Grace For The Journey
As we come to the close of the year, I think all of would like to begin 2020 saying, “This is the year that the Lord has made. I will rejoice and be glad in it!” But perhaps depression, one of the great afflictions of our age, is dulling your spirits. In today’s blog I want us to look at God’s Word and see how one man exchanged depression for joy to begin a new emotional era in his life.
The Bible says in Psalm 42:5, “Why are you cast down, O my soul? And why are you disquieted within me? Hope in God, for I shall yet praise Him for the help of His countenance.”
Our attitude is very important. The Bible says in Proverbs 23:7, “For as a man thinks in his heart, so is he . . “ Because of the circumstances and situations many have faced in their past and current life, they may cause us to have a soar view of life which will affect how they look at the New Year. I want to use today’s blog to offer some good Gospel News that will not alter our attitude about the coming year but also affect our actions. The key for this to happen is what we are going to focus on. The Bible says in Psalm 45:1, “My heart is overflowing with a good theme …”
There are three biblical truths from Psalm 42:5 which are necessary if we are to have a good “theme” for our lives in the coming year. This verse that will give each of us the insight and power to have a new attitude for the New Year.
1) My Condition.
Three key words describe this man’s condition. First, downcast – “Why are you cast down, O my soul?” One person translates this: “Why are you down in the dumps?” Other translations say, “Why are you so sad?” or “Why are you discouraged?” All of us face this reality at times in our lives. There are many things that can cause us to be downcast or discouraged. Sometimes we can’t prevent them from happening but a good first step in getting through these feelings is to recognize what we are feeling.
A second word is disquieted. The psalmist goes on to say, “…” and why are you disquieted within me?” The Hebrew term conveys the idea of “an unpleasant sound, a commotion or clamor.” It refers to unpleasant music in the soul. One person translates it this way – “Why are you singing the blues, O my soul?”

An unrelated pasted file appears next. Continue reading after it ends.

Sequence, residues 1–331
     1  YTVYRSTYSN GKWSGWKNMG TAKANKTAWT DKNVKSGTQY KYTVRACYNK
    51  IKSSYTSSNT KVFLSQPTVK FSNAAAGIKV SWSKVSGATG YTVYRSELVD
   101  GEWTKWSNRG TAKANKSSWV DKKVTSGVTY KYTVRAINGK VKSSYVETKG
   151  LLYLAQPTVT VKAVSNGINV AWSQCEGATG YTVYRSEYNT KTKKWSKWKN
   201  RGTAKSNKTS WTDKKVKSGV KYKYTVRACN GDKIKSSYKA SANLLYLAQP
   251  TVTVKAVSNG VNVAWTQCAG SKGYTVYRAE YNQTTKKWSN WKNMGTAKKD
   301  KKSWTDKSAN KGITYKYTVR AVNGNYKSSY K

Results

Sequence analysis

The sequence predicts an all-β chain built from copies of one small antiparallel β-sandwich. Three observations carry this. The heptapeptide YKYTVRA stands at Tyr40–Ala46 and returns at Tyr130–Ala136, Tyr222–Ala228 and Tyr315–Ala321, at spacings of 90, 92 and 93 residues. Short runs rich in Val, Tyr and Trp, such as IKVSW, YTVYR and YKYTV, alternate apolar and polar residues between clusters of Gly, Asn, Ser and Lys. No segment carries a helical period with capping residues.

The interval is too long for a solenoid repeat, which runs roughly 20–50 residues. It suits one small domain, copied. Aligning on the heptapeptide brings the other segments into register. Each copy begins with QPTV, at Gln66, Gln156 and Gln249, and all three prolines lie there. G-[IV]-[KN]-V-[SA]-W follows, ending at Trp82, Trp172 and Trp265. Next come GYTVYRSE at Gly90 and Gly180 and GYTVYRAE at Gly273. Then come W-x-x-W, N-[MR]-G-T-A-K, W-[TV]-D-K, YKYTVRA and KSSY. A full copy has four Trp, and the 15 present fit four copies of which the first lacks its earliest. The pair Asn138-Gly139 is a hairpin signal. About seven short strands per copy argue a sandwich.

The third word is mourning in verse 9, “… Why do I go mourning because of the oppression of the enemy?” The Hebrew for “mourning” is means “to be ashen, dark and dingy.” The reference may be to one’s facial expression or to the garments of sackcloth worn by the grief-stricken.
Can you identify with this man’s condition?
2) My Circumstances.
The writer was one of the sons of Korah, Israel’s renowned musicians and worship leaders. Yet, he begins Psalm 42 telling us he feels separated from God. Evidently this man is exiled both spiritually and geographically. He has been taken from Jerusalem, away from his normal ministry in the temple courts (verse 4). Where is he? Verse 6 offers a clue: “O my God, my soul is cast down within me; Therefore, I will remember You from the land of the Jordan, and from the heights of Hermon, from the Hill Mizar. Deep calls unto deep at the noise of Your waterfalls.” This man is in the far north, at the headwaters of the Jordan, in the foothills of Mount Hermon. The word Mizar means “little,” perhaps referring to a smaller hill in the Hermon range in the area known as Caesarea Philippi or Banias. Here the springs and creeks plunge from the mountains, crashing and roaring and forming the beginnings of the Jordan River. Second Kings 14:14 tells of a time when King Jehoahaz invaded the nation of Judah. He swept into the temple, looted its treasures, and took some of the temple workers hostage to the north. We don’t know if this is the historical setting of Psalms 42, but it fits. Perhaps one of those hostages wrote this psalm. Have you ever had a time when you felf alone and separated from family and friends? Have you ever felt downcast and disquieted? Exiled? Far from where you want to be in lif
3) My Cure.
This man is determined not to give in to despondency or self-pity. He’s going to fight with three lifelines.
Talking to God. Psalm 42 begins as a prayer; and as he prays, this man’s confidence grows and his courage returns, as we see at the end of 42:5 and where he repeats it in Psalm 43:5.
Talking to Others. In Psalm 42:2, the writer is no longer praying; he is talking to you and me, to his readers, to whoever will listen. There are seven billion people in the world, yet we long for someone to talk to. That’s why support groups, chat rooms, and bars are so popular. But you don’t need a bar or chat room. Find a Christian friend, open up, and share your heart. Ask others to pray with you. We’re never as strong as when kneeling side by side with a friend in need.
Talking to Myself. The psalmist also learned how to talk to himself – “Why are you cast down, O my soul? Why so disquieted within me? Hope in God . . . !” He is addressing himself. We often listen to ourselves when we should talk to ourselves. We have negative little voices inside us, playing discouraging tapes in endless loops. We need to eject those tapes, take ourselves in hand, sit ourselves down, and give ourselves a talking to. We need to learn to preach to ourselves God’s wonderful good news truth from His Word.
If you’ve been singing the blues, talk to God about it; talk to a good friend; and talk to yourself. Those three lifelines will be like a triangle of triumph and will enable you to say: “Why are you cast down, O my soul? Why are you disquieted within me? This is the year that the Lord has made. Rejoice and be glad in it.”
This is God’s Word For Today … This Is Grace For The Journey
Rest and Rejoice in this eternal truth!
Ephesians 4:7 – “But to each one of us grace has been given as Christ apportioned it.”
Hebrews 4:16 – “Let us then approach the throne of grace with confidence, so that we may receive mercy and find grace to help us in our time of need.”